This article describes a real-life safety concern which was discussed at a meeting of the EUROCONTROL Safety Improvement Sub-group (SISG). Details have been changed to preserve anonymity.
Hometown is a relatively large airport with more than one runway. At Hometown, stop bars are always used. This fact has never really been up for discussion; everybody (more or less) believes it is a good idea to have an extra safety layer.
About one year after the introduction of a new runway, the number of runway incursions increased; nine occurrences were reported for one runway only. All the incursions were classed as category D incursions (no other aircraft involved), and there were many similarities. All flight crews had received line up clearance, they were all using an intersection to do so without asking or receiving permission, and they all crossed a lit stop bar.
Typically the pilots were taxiing eastbound on taxiway Uniform for departure southbound on runway 19L. Instead of lining up at the runway end, they used intersection W6. Although the stop bar was switched off at the runway end, it was still lit at the intersection. (See diagram below).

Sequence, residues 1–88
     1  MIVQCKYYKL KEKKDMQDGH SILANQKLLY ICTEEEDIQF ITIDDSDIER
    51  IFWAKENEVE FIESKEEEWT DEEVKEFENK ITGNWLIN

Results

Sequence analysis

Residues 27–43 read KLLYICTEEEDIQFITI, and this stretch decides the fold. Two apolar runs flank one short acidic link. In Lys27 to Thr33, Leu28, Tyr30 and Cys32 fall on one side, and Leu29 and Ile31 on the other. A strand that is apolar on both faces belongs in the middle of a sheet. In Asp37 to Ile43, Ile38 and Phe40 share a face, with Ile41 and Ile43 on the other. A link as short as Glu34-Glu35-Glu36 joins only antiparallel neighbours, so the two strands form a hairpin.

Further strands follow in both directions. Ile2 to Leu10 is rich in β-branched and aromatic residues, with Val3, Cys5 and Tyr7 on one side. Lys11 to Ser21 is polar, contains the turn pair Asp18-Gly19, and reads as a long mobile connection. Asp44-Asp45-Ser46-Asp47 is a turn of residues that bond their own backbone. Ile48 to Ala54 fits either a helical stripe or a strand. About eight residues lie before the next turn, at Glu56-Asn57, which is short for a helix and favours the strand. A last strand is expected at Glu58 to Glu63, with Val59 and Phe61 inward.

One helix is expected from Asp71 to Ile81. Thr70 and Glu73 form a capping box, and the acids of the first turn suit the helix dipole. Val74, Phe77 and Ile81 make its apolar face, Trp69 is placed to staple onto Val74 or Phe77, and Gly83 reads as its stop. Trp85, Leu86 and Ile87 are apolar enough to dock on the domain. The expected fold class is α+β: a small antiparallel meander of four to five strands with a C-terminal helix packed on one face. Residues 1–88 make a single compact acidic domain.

Why did the pilots not react to the stop bar? ICAO Annex 2 para 18.104.22.168.3 states that an aircraft shall stop and hold at all lighted stop bars and may proceed further when the lights are switched off (including clearance to proceed).
The investigators discussed probable causes:
Expectation bias - the pilots did not expect a stop bar to be lit, because they had received clearance to line up (though at another intersection!).
The turn on to intersection W6 is 150 degrees. This may make the stop bar difficult to detect.
When the pilot starts the turn, the position is close to the threshold. This may give the pilots the false impression that they are using the correct intersection.